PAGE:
Updates tagged: “SUSY group”
The ATLAS experiment has just completed a new search for evidence of supersymmetry (SUSY), a theory that predicts the existence of new “super-partner” particles, with different properties from their Standard Model counterparts. This search looks for SUSY particles decaying to produce two leptons and scrutinises the invariant mass distribution of these leptons, hoping to find a bump.
Why is gravity so much weaker than the other forces of nature? This fundamental discrepancy, known as the “hierarchy problem”, has long been a source of puzzlement. Since the discovery of a scalar particle, the Higgs boson, with a mass of 125 GeV near that of the W and Z bosons mediating the weak force, the hierarchy problem is more acute than ever.
The Standard Model has a number of puzzling features. For instance, why does the Higgs boson have a relatively low mass? Could its mass arise from a hidden symmetry that keeps it from being extremely heavy? And what about dark matter? While the Standard Model has some (almost) invisible particles, like neutrinos, those particles can’t account for all of the dark matter observed by cosmological measurements.
Supersymmetry (SUSY) is an extension of the Standard Model that predicts the existence of “superpartners” with slightly different properties compared to their Standard Model counterparts. Physicists have been searching for signs of SUSY for over forty years, so far without success, which makes us think that SUSY particles — should they exist — are also heavier than particles in the Standard Model. However, in order for SUSY to help mitigate some problems with the Higgs boson sector of the Standard Model, SUSY particles should not be too heavy. And if some SUSY particles are relatively light, then they should be produced copiously at CERN’s Large Hadron Collider (LHC). So for SUSY to remain an attractive theory of nature, it must be hiding in plain sight in LHC data.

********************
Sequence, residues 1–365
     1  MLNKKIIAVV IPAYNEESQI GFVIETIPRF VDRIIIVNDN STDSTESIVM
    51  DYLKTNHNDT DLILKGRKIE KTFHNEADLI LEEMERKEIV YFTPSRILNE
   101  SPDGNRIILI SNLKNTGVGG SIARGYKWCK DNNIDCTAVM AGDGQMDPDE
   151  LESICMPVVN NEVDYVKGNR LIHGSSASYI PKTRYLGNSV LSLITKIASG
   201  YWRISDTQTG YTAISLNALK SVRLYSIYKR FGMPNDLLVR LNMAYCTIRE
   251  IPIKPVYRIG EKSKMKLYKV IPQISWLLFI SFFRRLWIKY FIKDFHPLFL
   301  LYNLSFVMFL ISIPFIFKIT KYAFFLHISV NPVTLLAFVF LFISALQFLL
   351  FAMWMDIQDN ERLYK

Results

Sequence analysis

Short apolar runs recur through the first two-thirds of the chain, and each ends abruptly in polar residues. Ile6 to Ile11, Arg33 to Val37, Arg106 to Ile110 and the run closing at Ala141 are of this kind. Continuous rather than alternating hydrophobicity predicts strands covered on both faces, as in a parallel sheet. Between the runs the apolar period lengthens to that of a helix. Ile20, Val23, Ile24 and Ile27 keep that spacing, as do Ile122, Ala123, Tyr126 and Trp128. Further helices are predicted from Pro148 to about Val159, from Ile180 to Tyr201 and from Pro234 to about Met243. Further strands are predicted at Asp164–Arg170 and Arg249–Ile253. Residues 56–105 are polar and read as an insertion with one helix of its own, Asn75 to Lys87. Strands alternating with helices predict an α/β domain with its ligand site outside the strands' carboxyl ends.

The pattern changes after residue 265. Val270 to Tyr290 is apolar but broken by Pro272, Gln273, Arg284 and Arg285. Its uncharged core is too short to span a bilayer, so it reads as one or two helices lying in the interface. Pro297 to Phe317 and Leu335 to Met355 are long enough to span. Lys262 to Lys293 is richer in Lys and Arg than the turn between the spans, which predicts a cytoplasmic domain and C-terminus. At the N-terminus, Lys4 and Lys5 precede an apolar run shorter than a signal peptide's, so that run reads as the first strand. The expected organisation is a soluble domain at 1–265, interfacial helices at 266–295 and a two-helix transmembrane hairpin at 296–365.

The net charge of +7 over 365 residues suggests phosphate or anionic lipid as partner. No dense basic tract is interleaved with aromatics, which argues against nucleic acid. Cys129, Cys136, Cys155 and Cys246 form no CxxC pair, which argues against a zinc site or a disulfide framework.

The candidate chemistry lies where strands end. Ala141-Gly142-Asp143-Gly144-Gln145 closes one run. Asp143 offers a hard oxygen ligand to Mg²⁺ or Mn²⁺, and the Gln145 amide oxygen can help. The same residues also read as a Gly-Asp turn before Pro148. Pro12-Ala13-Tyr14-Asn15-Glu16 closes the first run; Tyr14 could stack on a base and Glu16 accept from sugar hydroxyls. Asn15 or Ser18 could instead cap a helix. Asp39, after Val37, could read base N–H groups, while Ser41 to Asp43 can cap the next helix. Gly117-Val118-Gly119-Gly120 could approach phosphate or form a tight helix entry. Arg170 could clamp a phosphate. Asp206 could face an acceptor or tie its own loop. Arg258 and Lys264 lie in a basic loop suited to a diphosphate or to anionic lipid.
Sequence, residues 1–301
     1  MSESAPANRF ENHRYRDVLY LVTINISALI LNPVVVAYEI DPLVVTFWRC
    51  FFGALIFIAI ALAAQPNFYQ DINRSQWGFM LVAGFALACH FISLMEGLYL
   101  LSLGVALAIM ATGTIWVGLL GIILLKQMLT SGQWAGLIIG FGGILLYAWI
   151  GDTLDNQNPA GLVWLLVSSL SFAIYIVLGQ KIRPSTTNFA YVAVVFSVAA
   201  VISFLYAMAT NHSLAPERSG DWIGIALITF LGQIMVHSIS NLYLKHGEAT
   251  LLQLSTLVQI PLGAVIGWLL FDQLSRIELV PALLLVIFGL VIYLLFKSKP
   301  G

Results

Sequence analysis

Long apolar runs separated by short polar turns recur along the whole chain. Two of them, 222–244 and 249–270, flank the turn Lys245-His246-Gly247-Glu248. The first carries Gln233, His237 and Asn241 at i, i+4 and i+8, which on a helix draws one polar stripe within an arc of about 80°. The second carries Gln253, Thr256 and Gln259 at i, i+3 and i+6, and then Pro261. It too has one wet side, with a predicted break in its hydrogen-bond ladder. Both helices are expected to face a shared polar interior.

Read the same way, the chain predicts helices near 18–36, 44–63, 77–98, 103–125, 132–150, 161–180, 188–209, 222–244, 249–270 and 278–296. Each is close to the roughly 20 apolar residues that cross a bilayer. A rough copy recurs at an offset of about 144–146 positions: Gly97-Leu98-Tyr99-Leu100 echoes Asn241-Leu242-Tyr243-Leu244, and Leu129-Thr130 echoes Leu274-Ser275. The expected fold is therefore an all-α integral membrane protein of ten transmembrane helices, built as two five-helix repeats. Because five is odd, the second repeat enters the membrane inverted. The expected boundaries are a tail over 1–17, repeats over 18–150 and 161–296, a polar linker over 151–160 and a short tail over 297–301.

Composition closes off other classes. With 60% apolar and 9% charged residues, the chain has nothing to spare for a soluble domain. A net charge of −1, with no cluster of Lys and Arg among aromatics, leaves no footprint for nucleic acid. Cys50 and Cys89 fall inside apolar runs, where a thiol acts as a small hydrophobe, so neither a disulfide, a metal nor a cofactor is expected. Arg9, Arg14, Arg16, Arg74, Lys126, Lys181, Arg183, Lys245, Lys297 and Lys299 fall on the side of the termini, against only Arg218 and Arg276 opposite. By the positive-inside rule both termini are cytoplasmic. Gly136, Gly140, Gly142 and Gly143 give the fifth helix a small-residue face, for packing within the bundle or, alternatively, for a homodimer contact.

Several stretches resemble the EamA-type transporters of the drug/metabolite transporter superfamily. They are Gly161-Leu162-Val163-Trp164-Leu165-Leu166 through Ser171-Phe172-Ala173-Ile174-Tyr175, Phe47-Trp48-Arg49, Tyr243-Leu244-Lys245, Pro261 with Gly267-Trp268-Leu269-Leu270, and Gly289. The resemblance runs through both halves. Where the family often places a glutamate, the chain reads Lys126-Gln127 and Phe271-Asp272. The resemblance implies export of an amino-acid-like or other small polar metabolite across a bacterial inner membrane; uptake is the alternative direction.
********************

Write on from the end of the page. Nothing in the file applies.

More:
Supersymmetry is an extension to the Standard Model that may explain the origin of dark matter and pave the way to a grand unified theory of nature. For each particle of the Standard Model, supersymmetry introduces an exotic new “super-partner,” which may be produced in proton-proton collisions. Searching for these particles is currently one of the top priorities of the LHC physics program. A discovery would transform our understanding of the building blocks of matter and the fundamental forces, leading to a paradigm shift in physics similar to when Einstein’s relativity superseded classical Newtonian physics in the early 20th century.
Supersymmetry (SUSY) is one of the most attractive theories extending the Standard Model of particle physics. SUSY would provide a solution to several of the Standard Model’s unanswered questions, by more than doubling the number of elementary particles, giving each fermion a bosonic partner and vice versa. In many SUSY models the lightest supersymmetric particle (LSP) constitutes dark matter.
Nature has surprised physicists many times in history and certainly will do so again. Therefore, physicists have to keep an open mind when searching for phenomena beyond the Standard Model.
There are many mysteries the Standard Model of particle physics cannot answer. Why is there an imbalance between matter and anti-matter in our Universe? What is the nature of dark matter or dark energy? And many more. The existence of physics beyond the Standard Model can solve some of these fundamental questions. By studying the head-on collisions of protons at a centre-of-mass energy of 13 TeV provided by the LHC, the ATLAS Collaboration is on the hunt for signs of new physics.
In new results presented at the Moriond Electroweak conference, the ATLAS Collaboration has sifted through the full available data sample of the LHC’s 13 TeV proton collisions in search of a specific SUSY particle: the heavy partner to the top quark, called the “top squark” or “stop”
Many of the most important unanswered questions in fundamental physics are related to mass. Why do elementary particles, which we have observed and measured at CERN and other laboratories, have the masses they do? And why are they so different, with the mass of the top quark more than three hundred thousand times that of the electron? The presence of dark matter in our universe is inferred because of its mass but, if it is a particle, what is it? While the Standard Model has been a tremendously successful theory in describing the interactions of sub-atomic particles, we must look to even larger masses in search of answers and, potentially, new supersymmetric particles